Let’s say you believed that the higher the risk, the higher the reward. Let’s say you loved taking risks. Let’s say you participated in all the Red Bull–sponsored extreme sporting events you could, and you watched those you couldn’t participate in. And you drank their sodas like water, regardless of any health risks.
What kinds of stocks would you buy?
I like to break down factors into seven categories: value, growth, stability, quality, sentiment, momentum, and size. A Red Bull investor would look for the following in a stock:
- Value. Extremely underpriced or extremely overpriced stocks. Those are definitely the riskiest.
- Growth. Stocks whose growth is high but far from certain. Again, definitely the riskiest.
- Stability. The most unstable stocks possible.
- Quality. Low-quality stocks. No question there.
- Sentiment. Stocks with huge changes in sentiment; stocks which investors can’t make up their minds about; stocks that are either flying under the radar or are heavily shorted.
- Momentum. Total mean reversion! Stocks with negative momentum. Beaten-down stocks that are barely hanging on.
- Size. Tiny stocks, low-priced stocks.
Well, check out the following charts:
The left-hand charts are for these factors between January 1999 and April Fools’, 2020, a few days after the market hit bottom. The right-hand charts are for the most recent four quarters, 4/1/2020 to 4/1/2021. Let’s focus on the right-hand charts for a moment.
- Value. As you can see, the most expensive stocks have gone up the most, but besides that, there’s been a steady favoring of cheap stocks as well. The fairly-priced stocks have done the worst.
- Growth. These factors have been relatively unaffected. Growth stocks still rule supreme.
- Stability. The most unstable stocks have outperformed like mad.
- Quality. Low quality is highly favored.
- Momentum. Stocks with terrible (or downward) momentum have done by far the best; stocks with high momentum have done OK, but only at the very top end of the chart.
- Sentiment. Stocks that are undergoing major changes in sentiment, whether higher or lower, are doing the best.
- Size. The tiniest stocks are crushing the others.
We are at a unique moment in history, folks: a moment when the riskiest stocks have the highest return.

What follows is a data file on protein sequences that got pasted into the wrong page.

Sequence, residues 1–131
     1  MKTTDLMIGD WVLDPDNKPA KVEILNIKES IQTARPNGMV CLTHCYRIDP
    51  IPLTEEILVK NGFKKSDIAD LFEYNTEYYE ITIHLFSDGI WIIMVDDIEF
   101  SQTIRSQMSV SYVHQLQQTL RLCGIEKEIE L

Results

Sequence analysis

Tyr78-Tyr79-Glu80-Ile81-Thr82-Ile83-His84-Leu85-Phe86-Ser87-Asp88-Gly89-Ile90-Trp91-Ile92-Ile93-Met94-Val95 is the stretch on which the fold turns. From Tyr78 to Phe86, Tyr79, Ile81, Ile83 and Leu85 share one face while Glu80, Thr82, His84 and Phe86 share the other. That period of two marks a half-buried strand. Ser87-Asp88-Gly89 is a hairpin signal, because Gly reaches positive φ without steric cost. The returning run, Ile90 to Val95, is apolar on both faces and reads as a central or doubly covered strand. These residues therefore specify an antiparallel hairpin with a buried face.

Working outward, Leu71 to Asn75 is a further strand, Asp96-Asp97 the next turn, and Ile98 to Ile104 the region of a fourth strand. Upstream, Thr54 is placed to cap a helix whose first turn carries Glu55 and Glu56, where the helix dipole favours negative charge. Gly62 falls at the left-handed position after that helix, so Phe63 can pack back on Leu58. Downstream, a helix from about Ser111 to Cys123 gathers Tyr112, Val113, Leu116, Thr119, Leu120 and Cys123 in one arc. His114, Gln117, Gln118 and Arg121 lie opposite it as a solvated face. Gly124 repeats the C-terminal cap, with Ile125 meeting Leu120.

For those of you interested in how I came up with these charts, here’s my method. If not, feel free to skip this section.
I created these seven factor groups and tested them using Portfolio123. Each of them consists of five factors (see illustration below), equally weighted (except for the size group, which has only three factors). The charts reflect the annualized returns if you were to take all stocks listed on major US exchanges with prices over $1 and divide them into deciles according to how they rank on an equally weighted multi-factor ranking system made up of those five factors, with reconstitution every four weeks. I chose the five factors in each on a discretionary basis—they’re mostly relatively common factors that I use myself. The data I used was FactSet’s.
|Theme||Measure||Low or high||Comparables|
|Value||earnings yield, TTM||high||industry|
|price to sales, TTM||low||industry|
|unlevered free cash flow to EV, TTM||high||all|
|EBITDA to EV, TTM||high||all|
|sales to EV, TTM||high||all|
|Growth||operating income growth, most recent q to same last year||high||sector|
|EPS growth, current q's estimate to same last year||high||sector|
|sales acceleration (change from TTM sales growth to q-to-same-q sales growth)||high||sector|
|EPS growth, most recent q to same last year||high||sector|
|profit margin (low profit margin is highly predictive of future EPS growth)||low||all|
|Stability||share turnover, 3 months||low||all|
|share turnover, 1 yr||low||all|
|price volatility, 3 months||low||all|
|beta, 3 yr||low||all|